Northern Ireland news

Belfast Marathon organisers apologise after admitting course was 0.3 miles too long

Around 5,000 runners took part in Sunday's main race. Picture by Kelvin Boyes
John Monaghan and Paul Ainsworth

ORGANISERS of the Belfast Marathon have apologised and said they will conduct a "full review" after admitting this year's course was longer than it should have been.

Participants raised concerns that the route was more than the normal 26.2 miles after GPS and other tracking devices informed them otherwise.

David Seaton, chairman of the marathon's organising committee, last night said they wished to "apologise to competitors" after an extra 0.3 miles was inadvertently run.

"Approximately 460 additional metres were added to the officially measured course of 26.2 miles," he said.

Press Eye - Belfast - Northern Ireland - 5th May 2019 - ..General view of the start of the Deep RiverRock Belfast City Marathon at the Stormont Estate, Belfast...Photo by Kelvin Boyes / Press Eye..

"This was due to human error, with the lead car diverting from the official route."

Mr Seaton said he wished to "assure all participants that protocols will be put in place to ensure this never happens again".

"In the meantime, we are in the process of adjusting runners' times to reflect the correct distance.

"Feedback on the new route has been overwhelmingly positive and we thank the thousands of spectators who lined the route to support 18,000 runners, walkers and wheelchair athletics."

In 2016, UK Athletics said it would not recognise times from the 2013, 2014 and 2015 Greater Manchester Marathons after the course was found to be 380m too short.

Taking part in yesterday's Belfast marathon. Picture by Ann McManus

Yesterday's error overshadowed what organisers described as a "record year" with around 5,000 people - an increase of more than 60% on last year - taking on the new route for the main marathon, which began from Stormont and took in areas in all four parts of the city before finishing at Ormeau Park.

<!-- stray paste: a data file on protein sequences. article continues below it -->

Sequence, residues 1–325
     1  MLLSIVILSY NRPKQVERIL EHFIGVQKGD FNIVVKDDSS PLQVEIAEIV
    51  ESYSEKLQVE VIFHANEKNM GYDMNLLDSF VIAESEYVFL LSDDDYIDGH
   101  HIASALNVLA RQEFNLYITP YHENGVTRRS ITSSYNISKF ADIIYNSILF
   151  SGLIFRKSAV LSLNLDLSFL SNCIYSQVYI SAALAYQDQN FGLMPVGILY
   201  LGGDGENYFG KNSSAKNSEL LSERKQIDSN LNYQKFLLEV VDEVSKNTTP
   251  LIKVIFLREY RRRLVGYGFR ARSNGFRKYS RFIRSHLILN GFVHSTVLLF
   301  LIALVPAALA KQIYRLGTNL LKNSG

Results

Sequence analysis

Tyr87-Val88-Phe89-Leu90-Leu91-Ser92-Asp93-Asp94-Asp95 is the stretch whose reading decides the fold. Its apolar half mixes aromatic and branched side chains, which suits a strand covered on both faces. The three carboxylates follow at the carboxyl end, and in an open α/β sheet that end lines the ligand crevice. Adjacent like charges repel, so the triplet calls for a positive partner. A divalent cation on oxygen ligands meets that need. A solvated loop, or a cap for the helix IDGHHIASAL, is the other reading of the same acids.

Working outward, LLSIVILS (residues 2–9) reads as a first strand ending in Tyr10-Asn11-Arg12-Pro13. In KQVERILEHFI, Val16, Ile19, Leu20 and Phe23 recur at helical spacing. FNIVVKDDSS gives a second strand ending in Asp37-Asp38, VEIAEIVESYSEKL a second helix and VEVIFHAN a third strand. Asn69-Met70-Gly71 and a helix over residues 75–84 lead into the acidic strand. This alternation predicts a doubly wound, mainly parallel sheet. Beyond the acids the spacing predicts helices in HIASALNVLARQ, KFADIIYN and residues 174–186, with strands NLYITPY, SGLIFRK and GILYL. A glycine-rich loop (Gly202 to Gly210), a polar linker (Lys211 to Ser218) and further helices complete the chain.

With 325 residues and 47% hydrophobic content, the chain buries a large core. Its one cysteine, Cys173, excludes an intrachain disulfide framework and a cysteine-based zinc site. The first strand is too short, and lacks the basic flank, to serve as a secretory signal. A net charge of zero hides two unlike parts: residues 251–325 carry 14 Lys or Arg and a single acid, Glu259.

It was also the first time that the event - whch also included a half-marathon, relays, fun run and nine-mile walk - was held on a Sunday.

Read More: Evangelical group accuse Belfast Marathon of being 'non-inclusive' due to Sunday event

Kenyan Joel Kositany broke a record by winning the men's race for the fourth time, crossing the line in 2:18:40.

Fellow countryman Caroline Jepchirchir repeated her 2018 triumph with victory in the women's section, setting the fastest ever female time of 2:36:38.

Runners make their way down the Andersonstown Road. Picture by Mal McCann

Along with a new day, the 37-year-old marathon saw runners taking in a stretch of the Lisburn Road before running to west Belfast along Finaghy Road North to Andersonstown.

While the decision to move to a Sunday led to protests from the Free Presbyterian Church - which held a demonstration last week at what would become the starting line at Stormont - other churches got into the spirit of the event, earning praise from athletes.

Runner Graeme McGowan said afterwards: "Churches en route need a major round of applause as they were so welcoming and supportive, and instead of being confrontational they embraced the event and made the day better."

Meanwhile, hundreds of thousands of pounds was raised for various charities and good causes thanks to the sweat of participants.

Teammates take a selfie at the Stormont starting point for the 2019 marathon. Picture by Kelvin Boyes

Among the organisations receiving funds was Marie Curie, whose nurses supported Belfast father-of-three John Johnson before he died in December, aged 47, after being diagnosed with cancer seven months previously.

A team of runners raising funds in his memory have so far received over £12,000 in donations.

His brother Alan Johnson told The Irish News: "We are blown away by the support we received, and I would like to thank everyone who donated, and to the runners who made this possible.

"We are eternally grateful to the Marie Curie staff who looked after John. Their support helped us through an incredibly difficult time, and it was touching to see so many people along the route cheering our team on when they recognised the Marie Curie t-shirts.

Jim Corbett was the first athlete to cross the finish line in the men's wheelchair race. Picture by Declan Roughan

"It shows that their staff has helped so many families over the years, and this is our way of recognising that incredible work."

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